Meanwhile, an expert on the Afghan military operation said the West had to radically scale back its hopes for the country.

Professor Anatol Lieven, from King's College London, said: "The best we can now hope and plan for is a reasonably functioning military state that can hold the north and west of the country, and a few Pashtun cities like Khandar and Jalalabad, and restrict the Taleban to the Pashtun countryside."

Pride and tears for the five who died


THE 24-year-old, main image was described by his family as "one of the most loving, generous, kind-hearted men you could meet".

Friends of the Royal Military Police corporal, from Saundersfoot in Pembrokeshire, left postings on his Facebook page expressing their shock and disbelief. A series of poignant messages between him and his girlfriend, Emma Robinson, before he died were also on the site.

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During his short military career, he undertook operational tours to Afghanistan and Kosovo, as well as volunteering for a six-month deployment to the Falkland Islands.


The 40-year-old who was due to become a father for the fourth time, died on the day he was to be told he had won a commission as an officer.

The London-born Grenadier Guardsman carried a colleague whose leg was blown off in a bomb attack more than a mile to safety earlier this year.

He was reportedly on a shortlist of three to become Academy Sergeant Major at Sandhurst. His wife Nausheen, said she was "immensely proud" to say he was her husband.


The Grimsby soldier had been due to turn 19 next Thursday and his father, Adrian, said they had already posted presents to Afghanistan for him.

Asked if the many tributes left in the garden of the family home helped with dealing with his son's death, he said: "They do because it means people are thinking of him." A Union flag has been fluttering on the side of the family house since the day his son had gone to Afghanistan.


The 22-year-old was a Territorial Army soldier from Birkenhead who had volunteered to deploy to Afghanistan. He worked as a security team leader at a Tesco store and had hoped to join the police when he came back to Britain.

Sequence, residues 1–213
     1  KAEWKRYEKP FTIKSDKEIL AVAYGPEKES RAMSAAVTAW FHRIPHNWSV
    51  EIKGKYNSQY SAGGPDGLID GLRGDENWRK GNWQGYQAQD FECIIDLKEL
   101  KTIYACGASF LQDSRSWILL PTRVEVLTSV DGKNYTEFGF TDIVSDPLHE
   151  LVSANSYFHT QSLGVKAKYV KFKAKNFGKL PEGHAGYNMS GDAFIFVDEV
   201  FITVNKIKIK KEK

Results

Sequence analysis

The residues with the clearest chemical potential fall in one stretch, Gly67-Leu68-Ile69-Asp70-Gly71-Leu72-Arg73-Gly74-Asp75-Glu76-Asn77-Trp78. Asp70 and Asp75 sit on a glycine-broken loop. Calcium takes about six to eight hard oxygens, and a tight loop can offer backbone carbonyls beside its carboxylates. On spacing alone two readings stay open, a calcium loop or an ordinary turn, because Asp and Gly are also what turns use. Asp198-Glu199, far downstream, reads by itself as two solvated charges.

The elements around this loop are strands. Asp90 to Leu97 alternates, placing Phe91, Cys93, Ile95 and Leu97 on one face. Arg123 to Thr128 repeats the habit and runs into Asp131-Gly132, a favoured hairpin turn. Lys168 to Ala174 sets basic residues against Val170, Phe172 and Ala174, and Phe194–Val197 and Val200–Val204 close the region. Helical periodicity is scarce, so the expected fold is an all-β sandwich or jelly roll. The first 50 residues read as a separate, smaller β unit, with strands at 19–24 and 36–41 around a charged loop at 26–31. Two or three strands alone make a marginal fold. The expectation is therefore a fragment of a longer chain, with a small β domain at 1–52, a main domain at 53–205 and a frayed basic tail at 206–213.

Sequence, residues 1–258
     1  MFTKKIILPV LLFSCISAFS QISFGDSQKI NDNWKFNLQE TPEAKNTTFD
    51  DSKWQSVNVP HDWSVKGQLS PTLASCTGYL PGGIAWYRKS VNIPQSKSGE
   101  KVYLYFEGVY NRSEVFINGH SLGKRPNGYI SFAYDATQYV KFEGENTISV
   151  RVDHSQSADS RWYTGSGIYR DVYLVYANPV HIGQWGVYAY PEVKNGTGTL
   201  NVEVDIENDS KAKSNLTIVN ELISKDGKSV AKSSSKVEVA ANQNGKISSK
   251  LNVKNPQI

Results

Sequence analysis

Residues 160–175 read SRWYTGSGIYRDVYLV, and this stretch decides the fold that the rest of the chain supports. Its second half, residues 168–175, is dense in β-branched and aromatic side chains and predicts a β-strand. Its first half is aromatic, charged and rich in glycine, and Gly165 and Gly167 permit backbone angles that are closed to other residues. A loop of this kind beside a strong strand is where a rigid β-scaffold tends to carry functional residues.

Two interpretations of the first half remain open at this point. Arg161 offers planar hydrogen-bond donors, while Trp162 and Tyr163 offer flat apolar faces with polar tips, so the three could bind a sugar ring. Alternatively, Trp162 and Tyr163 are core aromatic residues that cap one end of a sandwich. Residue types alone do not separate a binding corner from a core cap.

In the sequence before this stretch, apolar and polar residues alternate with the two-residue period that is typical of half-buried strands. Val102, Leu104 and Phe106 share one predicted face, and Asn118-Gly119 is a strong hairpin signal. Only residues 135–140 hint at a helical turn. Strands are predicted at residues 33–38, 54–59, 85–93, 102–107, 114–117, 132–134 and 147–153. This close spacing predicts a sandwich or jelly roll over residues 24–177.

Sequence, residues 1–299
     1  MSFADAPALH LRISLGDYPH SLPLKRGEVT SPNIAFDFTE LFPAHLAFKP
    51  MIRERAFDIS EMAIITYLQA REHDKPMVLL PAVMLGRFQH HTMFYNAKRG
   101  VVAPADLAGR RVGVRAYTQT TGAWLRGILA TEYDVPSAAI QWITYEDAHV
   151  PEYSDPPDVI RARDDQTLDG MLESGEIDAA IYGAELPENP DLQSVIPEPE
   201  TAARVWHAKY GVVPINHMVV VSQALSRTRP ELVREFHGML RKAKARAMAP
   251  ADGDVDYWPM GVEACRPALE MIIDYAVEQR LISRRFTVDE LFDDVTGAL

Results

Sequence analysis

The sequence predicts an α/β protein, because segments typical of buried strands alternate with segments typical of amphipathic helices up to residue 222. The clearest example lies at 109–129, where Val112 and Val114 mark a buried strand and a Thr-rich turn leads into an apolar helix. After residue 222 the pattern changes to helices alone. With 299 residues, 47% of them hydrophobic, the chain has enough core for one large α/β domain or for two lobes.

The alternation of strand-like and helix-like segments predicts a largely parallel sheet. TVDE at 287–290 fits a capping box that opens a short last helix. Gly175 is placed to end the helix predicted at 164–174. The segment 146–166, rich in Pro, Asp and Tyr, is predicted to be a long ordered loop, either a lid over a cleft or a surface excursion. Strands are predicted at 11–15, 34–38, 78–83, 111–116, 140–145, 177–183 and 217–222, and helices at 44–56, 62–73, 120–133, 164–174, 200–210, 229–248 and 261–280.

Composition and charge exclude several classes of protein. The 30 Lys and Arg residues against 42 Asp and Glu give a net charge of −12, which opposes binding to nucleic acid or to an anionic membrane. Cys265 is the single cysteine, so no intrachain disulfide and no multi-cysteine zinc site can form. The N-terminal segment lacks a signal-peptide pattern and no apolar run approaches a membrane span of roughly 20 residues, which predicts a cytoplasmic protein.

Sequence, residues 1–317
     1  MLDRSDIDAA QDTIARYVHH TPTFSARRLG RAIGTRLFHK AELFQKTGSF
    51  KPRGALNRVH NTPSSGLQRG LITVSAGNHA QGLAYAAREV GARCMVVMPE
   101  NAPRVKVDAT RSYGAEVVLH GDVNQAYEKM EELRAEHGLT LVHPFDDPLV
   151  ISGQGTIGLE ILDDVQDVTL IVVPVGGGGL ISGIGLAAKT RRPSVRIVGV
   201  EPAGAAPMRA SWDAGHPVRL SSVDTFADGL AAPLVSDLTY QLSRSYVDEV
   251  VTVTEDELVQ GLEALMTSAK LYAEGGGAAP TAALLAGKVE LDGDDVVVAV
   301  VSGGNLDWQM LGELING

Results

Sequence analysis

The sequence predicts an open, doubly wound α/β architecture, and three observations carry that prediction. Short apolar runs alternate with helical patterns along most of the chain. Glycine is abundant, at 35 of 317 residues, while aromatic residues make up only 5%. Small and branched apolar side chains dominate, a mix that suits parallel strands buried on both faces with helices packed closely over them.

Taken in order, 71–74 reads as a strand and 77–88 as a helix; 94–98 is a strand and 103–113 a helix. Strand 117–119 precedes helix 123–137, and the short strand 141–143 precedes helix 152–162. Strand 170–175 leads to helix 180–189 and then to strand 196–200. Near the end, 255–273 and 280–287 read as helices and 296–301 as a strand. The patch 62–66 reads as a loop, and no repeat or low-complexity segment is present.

The motorbike enthusiast's parents, Margaret and Anthony, said he would "light up a room with a single smile", adding: "Steven, we are all so proud of you and you will always be our hero."

Cpl Boote's company commander, Major Phil Hacker, said:

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"He inspired confidence in all those he served with and we are all so proud and feel so humble to have served with him."


The father of two and Grenadier Guardsman, described as a "gentle giant", joined the army at 16, and was 37 when he died.

His widow, Kerry, said she did not know how to explain his death to their four-year-old son, Harry. "I don't want to say that nasty men have killed daddy – I want to be able to tell him that he's in heaven now and that he's gone to be with the angels," Mrs Telford said.

'You were the best ever, Tam – brave soldier, son, good friend'

THE mother of a soldier who died weeks after being wounded in Afghanistan yesterday remembered her "brave" son as "the best there ever was".

Corporal Thomas Mason, 27, known as Tam, was caught by an improvised explosive device in Kandahar province on 15 September.

Cpl Mason, of the Black Watch, 3rd Battalion The Royal Regiment of Scotland, died in Selly Oak Hospital in Birmingham on 25 October.

More than 300 mourners packed into Trinity Parish Church in Cowdenbeath for his funeral yesterday.

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During the service, the Rev Nicola Trail read a tribute written by his mother, Linda Buchanan.

In it, she spoke of her unending love for her son and said: "You are the best there ever was, Tam – brave soldier, son, good friend.

"I know in time the pain we feel from losing you will end. So we will struggle by without you, without your laugh, your smile.

"I know we'll meet again, Tam, even if it takes a while."

Mrs Buchanan was joined at the service by Cpl Mason's 21-year-old widow, Kylie, and a large number of family members and colleagues.

Meanwhile, a memorial to another Black Watch soldier killed in Afghanistan was unveiled yesterday at his former high school.

Private Kevin Elliott, 24, died in a rocket-propelled grenade attack in Helmand Province in August.

His family and friends were joined for the occasion by staff and pupils at Braeview Academy in Dundee. Major Ronnie Proctor of the Black Watch Association and Dundee's lord provost, John Letford, also attended the ceremony to pay their respects.

In Wootton Basset, the body of an explosives expert killed while defusing a bomb in Afghanistan was repatriated.

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Christina Schmid, the widow of Staff Sergeant Olaf Schmid, said he was a hero and a "preserver of life".

"He was a very brave man, there was no other man above him, I am so proud of him," she said.